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Disability in the workplace

Widespread ignorance, fear, and stereotypes cause people with disabilities to be unfairly discriminated against in society and in employment. There are many unfounded assumptions about the abilities and performance of job applicants and employees with disabilities. However, people with disabilities can demonstrate their ability and contribute equally alongside fellow workers if enterprises remove unfair, discriminatory barriers to their employment, and make reasonable accommodation for their needs.

Most common disabilities

Physical disability refers to damage to muscles, nerves, skin, or bones that leads to difficulties in moving about and in performing activities of daily living. Some examples of physical disabilities include cerebral palsy, quadriplegia, and post-polio paralysis.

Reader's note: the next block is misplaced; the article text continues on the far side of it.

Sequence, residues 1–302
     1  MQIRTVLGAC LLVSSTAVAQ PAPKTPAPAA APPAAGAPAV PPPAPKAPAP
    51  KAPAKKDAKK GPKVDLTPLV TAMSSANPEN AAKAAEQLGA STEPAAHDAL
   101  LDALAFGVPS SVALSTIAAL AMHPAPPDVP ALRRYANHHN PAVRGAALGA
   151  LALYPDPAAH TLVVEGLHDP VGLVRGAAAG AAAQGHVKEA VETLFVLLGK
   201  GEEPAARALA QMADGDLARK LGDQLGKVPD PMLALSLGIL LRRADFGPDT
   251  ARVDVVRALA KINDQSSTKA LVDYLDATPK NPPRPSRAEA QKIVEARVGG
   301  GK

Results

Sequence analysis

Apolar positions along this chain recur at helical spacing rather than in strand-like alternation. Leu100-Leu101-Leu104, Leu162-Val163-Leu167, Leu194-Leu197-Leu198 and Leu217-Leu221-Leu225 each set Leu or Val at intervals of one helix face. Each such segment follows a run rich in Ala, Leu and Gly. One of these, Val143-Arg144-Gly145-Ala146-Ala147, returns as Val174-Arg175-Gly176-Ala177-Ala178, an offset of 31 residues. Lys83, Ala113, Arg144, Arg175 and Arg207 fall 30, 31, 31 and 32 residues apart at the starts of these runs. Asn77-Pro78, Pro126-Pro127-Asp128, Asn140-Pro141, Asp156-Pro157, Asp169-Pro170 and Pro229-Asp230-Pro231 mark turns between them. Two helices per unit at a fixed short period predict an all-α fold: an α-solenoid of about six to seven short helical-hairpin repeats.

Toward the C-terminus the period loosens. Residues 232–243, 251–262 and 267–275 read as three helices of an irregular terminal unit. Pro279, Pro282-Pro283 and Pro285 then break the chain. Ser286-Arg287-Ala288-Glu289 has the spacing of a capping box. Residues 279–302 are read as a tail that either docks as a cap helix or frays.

Visual disability refers to people experiencing difficulty in sight. ‘Blind’ refers to the total loss of eyesight. Blind people might experience difficulty in moving around and knowing where things are, doing some activities of daily living, writing, reading, and following visual signs or commands. ‘Low vision’ or ‘visual disability’ is more accurate for people who have some degree of sight.

Hearing disability may be mild, severe, or total. Hearing aids can assist people who are hard of hearing to communicate easier with the hearing world. Interpreters are essential to break down communication barriers between the Deaf community and the hearing world.

Disabilities can be defined according to the impairment experienced by the individual. Click on the link below for more information on the different types of disabilities or browse the content in the e-Care portal for any other queries.